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					This Week – NEW TOPIC (sort of).

Recall that the first premise, the one that applied to both arguments,
Friedman presented two weeks ago was that ‘When we’re talking about
‘Corporate Responsibility’, what we’re really talking about are the
responsibilities of corporate executives’. At the time, I also said that this
premise would be accepted by all of the authors, which was true, UNTIL

Jennifer Moore: Corporations are not always reducible to their individual
members in terms of responsibility; sometimes, the ‘corporate
character/culture’ is responsible, and no one person.


Manuel Velasquez: Corporations are always reducible to their individual

Jennifer Moore – Corporate ‘Character’ and the Federal Sentencing
Guidelines for Organizations (US).

The Point:
      Corporations can, and should, as abstract entities distinct from their
individual members, be held responsible for the illegal actions of those
members when those actions were caused by the Corporation’s

      There is good reason to believe that the ‘corporate character theory of
criminal liability’ is affirmed by/implicit in the Federal Sentencing
Guidelines for Organizations.

Three Parts:

Part 1. Corporations should be held criminally responsible for the actions of
corporate agents.

Part 2. The ‘Corporate Character Theory’ provides the best explanation for
why the corporation should be held criminally liable.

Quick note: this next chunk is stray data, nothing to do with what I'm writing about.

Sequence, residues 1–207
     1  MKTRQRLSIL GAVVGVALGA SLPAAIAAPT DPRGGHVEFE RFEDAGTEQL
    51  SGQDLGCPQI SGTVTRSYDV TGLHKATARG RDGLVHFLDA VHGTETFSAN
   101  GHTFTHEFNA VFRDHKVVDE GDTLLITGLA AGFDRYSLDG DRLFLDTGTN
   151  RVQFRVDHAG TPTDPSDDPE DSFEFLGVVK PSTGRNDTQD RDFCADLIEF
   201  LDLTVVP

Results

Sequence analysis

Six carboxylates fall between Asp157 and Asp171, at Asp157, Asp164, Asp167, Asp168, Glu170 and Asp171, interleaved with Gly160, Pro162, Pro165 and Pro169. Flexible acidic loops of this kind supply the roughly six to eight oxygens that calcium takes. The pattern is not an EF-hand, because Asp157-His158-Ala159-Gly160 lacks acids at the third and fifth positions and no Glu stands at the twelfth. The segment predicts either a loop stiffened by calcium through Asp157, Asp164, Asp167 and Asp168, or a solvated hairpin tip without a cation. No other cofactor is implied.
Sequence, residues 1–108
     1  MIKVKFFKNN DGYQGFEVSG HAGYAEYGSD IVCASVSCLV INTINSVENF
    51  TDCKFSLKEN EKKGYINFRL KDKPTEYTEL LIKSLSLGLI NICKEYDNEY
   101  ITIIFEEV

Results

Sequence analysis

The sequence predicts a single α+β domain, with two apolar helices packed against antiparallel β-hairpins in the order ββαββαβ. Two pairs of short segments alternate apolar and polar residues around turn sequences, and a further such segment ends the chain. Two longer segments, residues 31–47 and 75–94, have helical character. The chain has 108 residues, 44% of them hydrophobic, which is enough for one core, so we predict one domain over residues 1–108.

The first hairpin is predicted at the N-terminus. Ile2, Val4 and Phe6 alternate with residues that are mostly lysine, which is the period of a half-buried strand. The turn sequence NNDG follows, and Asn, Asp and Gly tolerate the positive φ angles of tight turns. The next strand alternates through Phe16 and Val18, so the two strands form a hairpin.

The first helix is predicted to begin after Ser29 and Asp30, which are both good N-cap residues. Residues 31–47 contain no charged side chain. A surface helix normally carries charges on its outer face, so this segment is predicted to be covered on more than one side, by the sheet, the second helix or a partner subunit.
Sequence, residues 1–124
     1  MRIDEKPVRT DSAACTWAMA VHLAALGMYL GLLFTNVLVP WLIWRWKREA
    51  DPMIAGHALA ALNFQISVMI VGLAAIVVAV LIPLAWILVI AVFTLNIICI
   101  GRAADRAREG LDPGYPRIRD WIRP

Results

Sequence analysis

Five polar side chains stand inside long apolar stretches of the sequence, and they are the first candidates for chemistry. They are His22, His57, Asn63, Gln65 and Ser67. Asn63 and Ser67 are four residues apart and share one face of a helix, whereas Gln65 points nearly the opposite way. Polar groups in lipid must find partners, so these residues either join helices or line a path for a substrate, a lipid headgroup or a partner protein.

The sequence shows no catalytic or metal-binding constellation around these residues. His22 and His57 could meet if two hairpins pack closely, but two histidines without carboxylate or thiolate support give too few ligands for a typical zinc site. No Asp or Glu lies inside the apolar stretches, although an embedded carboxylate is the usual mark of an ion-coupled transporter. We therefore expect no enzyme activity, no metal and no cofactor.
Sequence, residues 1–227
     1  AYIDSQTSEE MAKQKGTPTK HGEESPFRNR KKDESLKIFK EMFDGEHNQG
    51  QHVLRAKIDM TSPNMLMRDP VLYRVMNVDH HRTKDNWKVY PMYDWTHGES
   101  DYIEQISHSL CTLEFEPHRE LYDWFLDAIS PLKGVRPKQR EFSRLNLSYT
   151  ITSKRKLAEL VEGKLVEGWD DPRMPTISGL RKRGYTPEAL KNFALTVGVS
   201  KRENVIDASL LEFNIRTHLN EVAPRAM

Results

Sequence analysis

Part 3. The Federal Sentencing Guidelines do, and should, incorporate the
important aspects of the Corporate Character Theory into their rule system.

Part 1.

We might not think that Corporations can or should be held criminally
responsible for the actions of their agents, e.g., because they are ‘fictitious
legal entities’.

But individuals acting on behalf of the Corporation don’t often have free
choices, but choices governed by the policies/rules/procedures of the

When that is the case, it’s appropriate to say the Corporation caused the
criminal action.

Which means that its possible that no individual is responsible; and we do
speak that way, i.e., we decry a certain corporate character, not any one
person therein.

Part II.

The legal means of determining corporate guilt are deficient:
‘Respondeat Superior’ only holds Corporations responsible by means of
their individual ‘rogue members’, while the ‘Model Penal Code’ is too
narrow because it requires the participation of managers.

The Solution:

The Corporate Character Theory – a corporation should be held liable for the
actions of its employees when those actions are a direct result of the
corporate ‘character’, i.e., the policies/rules/procedures that govern a
corporation independently of any specific manager.

There are three accepted sets of conditions under which the Corporate
Character Theory says the Corporation is to blame:

a. a policy/rule/procedure of the Corporation is illegal, and employee carries
out its requirements.
b. If a direct order from a manager is illegal, and then carried out.

c. If the Corporation ratifies/vindicates an illegal action by either ignoring
the action, or having a historical trend of committing such actions without
any explicit policy to that effect.

Part III.

The ‘Corporate Character Theory’ is most useful when it comes to
determining sentences, as this is the point at which judges usually take into
account the character of the offender when it is an individual.

The ‘Guidelines’ focus on determining punishment for Corporate offenders
by analyzing 6 aspects of the Corporation’s ‘character’; all six of these
aggravating and mitigating factors correspond to the requirements of the
Corporate Character Theory.

So there is a general correspondence between when the US federal law says
a corporation should be held responsible, and the Corporate Character
Theory would offer a similar judgement.

Which means that it is, as a matter of legal fact, possible to hold a
Corporation responsible independently of holding any of the
members/agents of the Corporation responsible.

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